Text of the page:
In honor of Read Across America Day and Dr. Seuss’s birthday, the third graders had a little battle of the books. The first lesson was learning how to fill out a bracket. (They are now ready for March Madness – at least when it reaches the Sweet 16). After each student completed their prediction bracket, 4 books were read each day, discussed and votes were counted. It was fun to hear the excitement, if their book moved on in the bracket and it was even a good lesson to learn, about an upset, when their book was defeated in the voting process. We really enjoyed reading all 16 books and it sparked great conversations about similarities and differences between the books and why some have a “different author,” Theo. LeSieg, and illustrator.
And the winners are: Mrs. Clark’s class The Lorax, Mrs. Elliott’s class The Lorax, and Miss Neben’s class Fox in Socks.
By: Miss Amy Neben, 3rd grade
During the month of February, third graders had a special opportunity to hear from Mrs. Madden, author of The Magic Maple Tree. Mrs. Madden has been a part of the St. John’s family for many years and we were so excited to visit with her!
After hearing all about Mrs. Madden’s publishing journey and the writing process, we decided to follow in her footsteps and celebrate the finishing of our personal narrative writing by having a publishing party just like she did when she published her book!
The students were so excited! We wanted to make a class book of all our writings so that each student had the ability to read one anothers as well as read theirs to other students. We even had Mrs. Todd’s class join us so we could read to them. Our class had a book cover contest which really helped the students feel engaged and a part of the experience!
Some of the things we focused on in our personal narrative writing was writing grabbers or “hooks” to get the reader’s attention, as well as conclusions that focused on what lesson was learned from the narrative piece. The students also included transition words, descriptive writing, and varied sentence structures.
We are so thankful for authors like Mrs. Madden who inspire students like mine to continue to write and celebrate their writing accomplishments with a publishing party!
-Mrs. Clark, 3rd Grade
If you visit a 2nd grade classroom over the next few weeks, you’ll likely see at least one kid with their nose in a biography book, such as Who Was Harriet Tubman? or Who Is Neil Armstrong? It’s that season! In class, we’ve been learning how to read biographies, take notes, t-chart, and write out informational paragraphs for two very important Americans: George Washington and Abraham Lincoln. As each class goes through these steps of the writing process, the 2nd graders have been asking great questions and participating in discussions about these two great presidents. More importantly, though, these students have been learning and absorbing a lot of history and developing an appreciation and passion for people who have made a difference. What made George Washington a great leader? What positive character traits did he show on the battle field and as our country’s first president? How did Abraham Lincoln use his sense of honesty, his compassion for all people and his sense of fairness to not only end slavery in the US but also to reunite our country?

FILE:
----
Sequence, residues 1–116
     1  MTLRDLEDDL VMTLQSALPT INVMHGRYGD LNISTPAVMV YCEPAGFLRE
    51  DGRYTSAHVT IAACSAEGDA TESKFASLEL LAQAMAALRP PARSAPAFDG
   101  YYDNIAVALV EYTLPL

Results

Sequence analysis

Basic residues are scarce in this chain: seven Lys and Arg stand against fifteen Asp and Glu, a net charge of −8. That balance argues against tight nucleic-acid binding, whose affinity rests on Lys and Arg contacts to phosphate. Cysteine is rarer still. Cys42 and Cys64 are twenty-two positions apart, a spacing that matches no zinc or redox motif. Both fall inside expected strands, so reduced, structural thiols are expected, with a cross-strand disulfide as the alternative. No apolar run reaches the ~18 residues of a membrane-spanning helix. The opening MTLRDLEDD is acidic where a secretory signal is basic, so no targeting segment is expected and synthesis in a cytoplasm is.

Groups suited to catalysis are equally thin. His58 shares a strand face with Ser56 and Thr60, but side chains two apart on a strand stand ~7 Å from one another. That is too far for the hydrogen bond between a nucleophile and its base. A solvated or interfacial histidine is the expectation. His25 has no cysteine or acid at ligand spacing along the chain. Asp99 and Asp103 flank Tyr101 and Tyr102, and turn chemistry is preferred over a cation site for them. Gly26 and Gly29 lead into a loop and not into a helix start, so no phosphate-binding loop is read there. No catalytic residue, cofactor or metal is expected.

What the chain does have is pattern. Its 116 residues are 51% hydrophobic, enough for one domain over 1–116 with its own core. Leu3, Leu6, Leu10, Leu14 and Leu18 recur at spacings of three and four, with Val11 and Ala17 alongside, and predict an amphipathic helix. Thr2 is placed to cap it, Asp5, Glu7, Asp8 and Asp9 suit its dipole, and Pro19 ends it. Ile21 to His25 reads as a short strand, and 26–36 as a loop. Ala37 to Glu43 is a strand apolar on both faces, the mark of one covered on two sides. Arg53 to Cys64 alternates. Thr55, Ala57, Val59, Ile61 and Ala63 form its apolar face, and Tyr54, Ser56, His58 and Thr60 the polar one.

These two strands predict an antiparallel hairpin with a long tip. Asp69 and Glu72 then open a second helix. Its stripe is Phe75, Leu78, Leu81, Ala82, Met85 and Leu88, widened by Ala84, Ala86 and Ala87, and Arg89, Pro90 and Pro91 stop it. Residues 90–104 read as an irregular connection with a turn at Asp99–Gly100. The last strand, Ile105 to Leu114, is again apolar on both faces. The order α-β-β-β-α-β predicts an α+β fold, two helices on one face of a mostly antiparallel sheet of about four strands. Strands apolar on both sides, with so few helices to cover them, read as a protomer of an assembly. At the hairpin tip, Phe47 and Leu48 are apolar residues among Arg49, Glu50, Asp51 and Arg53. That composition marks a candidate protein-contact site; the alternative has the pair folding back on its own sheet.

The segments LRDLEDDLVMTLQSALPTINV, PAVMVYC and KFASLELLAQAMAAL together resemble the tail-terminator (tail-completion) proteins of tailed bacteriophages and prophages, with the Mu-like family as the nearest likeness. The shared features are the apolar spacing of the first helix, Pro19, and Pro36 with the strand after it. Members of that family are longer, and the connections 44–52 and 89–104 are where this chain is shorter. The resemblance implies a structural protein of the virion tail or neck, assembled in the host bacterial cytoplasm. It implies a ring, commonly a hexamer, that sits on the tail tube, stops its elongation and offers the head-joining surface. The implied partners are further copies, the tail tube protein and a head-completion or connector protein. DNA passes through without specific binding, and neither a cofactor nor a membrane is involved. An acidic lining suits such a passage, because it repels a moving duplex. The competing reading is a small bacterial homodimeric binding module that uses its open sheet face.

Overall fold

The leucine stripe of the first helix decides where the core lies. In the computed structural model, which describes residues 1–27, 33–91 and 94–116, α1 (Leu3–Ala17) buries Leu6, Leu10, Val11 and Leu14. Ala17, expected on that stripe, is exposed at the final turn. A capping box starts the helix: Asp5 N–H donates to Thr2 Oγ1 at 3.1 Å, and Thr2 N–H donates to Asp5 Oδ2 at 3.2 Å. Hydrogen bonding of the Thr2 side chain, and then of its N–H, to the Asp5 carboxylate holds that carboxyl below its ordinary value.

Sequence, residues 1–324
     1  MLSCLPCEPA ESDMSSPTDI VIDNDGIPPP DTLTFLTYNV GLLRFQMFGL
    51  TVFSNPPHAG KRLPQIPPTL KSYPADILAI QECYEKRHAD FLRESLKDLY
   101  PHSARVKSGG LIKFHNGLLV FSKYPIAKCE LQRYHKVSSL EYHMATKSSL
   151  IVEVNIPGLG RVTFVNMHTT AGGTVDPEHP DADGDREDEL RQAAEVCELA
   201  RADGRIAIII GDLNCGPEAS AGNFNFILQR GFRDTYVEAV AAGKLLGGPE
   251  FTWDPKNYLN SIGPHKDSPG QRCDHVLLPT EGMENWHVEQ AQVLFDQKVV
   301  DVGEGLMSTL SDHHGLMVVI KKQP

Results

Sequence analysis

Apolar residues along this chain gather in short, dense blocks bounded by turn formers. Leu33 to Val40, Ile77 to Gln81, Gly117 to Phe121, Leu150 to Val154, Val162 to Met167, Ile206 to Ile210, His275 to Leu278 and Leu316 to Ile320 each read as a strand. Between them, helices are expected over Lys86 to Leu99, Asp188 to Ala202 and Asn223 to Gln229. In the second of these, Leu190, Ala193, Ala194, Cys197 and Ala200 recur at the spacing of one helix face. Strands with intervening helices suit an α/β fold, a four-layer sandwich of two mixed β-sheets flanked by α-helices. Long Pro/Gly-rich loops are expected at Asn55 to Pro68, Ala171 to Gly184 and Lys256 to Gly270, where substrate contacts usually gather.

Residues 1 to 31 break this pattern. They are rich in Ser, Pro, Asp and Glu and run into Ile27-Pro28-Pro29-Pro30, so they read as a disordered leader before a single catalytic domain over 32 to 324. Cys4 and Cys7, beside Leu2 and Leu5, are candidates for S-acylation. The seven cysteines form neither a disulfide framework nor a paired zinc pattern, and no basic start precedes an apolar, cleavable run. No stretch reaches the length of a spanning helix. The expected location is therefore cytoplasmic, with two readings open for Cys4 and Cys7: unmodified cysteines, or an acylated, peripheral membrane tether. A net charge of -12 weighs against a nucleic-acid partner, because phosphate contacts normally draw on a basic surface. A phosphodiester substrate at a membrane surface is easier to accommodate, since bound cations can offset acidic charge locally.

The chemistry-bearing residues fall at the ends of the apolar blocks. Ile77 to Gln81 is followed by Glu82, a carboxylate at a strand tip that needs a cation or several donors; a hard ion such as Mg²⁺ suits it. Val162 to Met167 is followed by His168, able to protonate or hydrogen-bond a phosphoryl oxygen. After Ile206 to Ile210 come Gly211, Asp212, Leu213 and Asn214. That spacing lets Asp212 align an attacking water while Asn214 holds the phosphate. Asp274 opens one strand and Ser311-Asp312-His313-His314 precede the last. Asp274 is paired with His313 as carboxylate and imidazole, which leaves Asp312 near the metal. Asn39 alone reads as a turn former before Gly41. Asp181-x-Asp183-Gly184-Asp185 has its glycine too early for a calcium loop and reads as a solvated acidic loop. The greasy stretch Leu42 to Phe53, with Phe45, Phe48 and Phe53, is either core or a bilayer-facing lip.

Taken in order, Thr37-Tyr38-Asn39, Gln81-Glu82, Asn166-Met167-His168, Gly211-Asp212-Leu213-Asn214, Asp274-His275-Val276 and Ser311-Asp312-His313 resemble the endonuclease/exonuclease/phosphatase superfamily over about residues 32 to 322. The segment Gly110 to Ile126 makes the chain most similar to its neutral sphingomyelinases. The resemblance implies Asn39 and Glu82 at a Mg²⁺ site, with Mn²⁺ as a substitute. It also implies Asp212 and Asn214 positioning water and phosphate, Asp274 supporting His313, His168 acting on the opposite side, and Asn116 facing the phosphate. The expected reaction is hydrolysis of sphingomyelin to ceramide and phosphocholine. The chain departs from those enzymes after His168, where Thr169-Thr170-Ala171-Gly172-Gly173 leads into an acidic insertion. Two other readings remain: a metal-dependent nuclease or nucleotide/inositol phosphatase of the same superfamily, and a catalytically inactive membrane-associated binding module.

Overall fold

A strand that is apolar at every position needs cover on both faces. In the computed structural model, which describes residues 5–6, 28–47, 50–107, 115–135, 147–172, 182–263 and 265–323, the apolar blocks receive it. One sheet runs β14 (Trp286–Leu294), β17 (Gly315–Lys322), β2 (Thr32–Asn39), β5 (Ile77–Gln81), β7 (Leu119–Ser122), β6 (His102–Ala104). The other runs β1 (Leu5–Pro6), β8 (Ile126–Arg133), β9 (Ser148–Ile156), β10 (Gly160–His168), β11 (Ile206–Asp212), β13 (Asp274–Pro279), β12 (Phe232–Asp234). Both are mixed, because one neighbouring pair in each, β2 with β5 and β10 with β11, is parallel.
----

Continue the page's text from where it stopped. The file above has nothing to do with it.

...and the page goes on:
As 2nd graders read biographies about the important American that they have chosen for their project, they’ll be repeating the writing steps they’ve learned in class. As they read through their person’s life story, they’ll also be looking for the events and character traits that allowed them to make an impact in people’s lives. Maybe their American showed perseverance in their scientific studies that finally led to an amazing invention or medical breakthrough. Maybe their American stood up for and defended the rights of people, even though it wasn’t an easy thing to do. Maybe their American showed creativity in a whole new way that allowed many people to discover a passion for art, reading or music. There are so many ways that individuals have made a difference, and if these important Americans could make a difference in their own way, then we can, too!
As we wrapped up this week with Read Across America activities, 2nd graders enjoyed hearing the story of the Lorax and then comparing details with the movie version. When we got to the last sentence of the story, I was very amazed at how quickly some of the kids in our class picked up on the Lorax’ final message… “Unless someone like you cares a whole awful lot, nothing is going to get better. It’s not.” After we finished the movie, the class made their own Lorax craft, which included the Lorax’ words for us all. It was the perfect end to a week of writing and discussion. Whether it’s a Who Was…? book or a rhyming Dr. Seuss story, there’s many opportunities for us to find people who have made a difference or encourage us to make a difference with our own lives. We just have to keep reading – and follow their examples!
By: Mrs. Todd, 2nd grade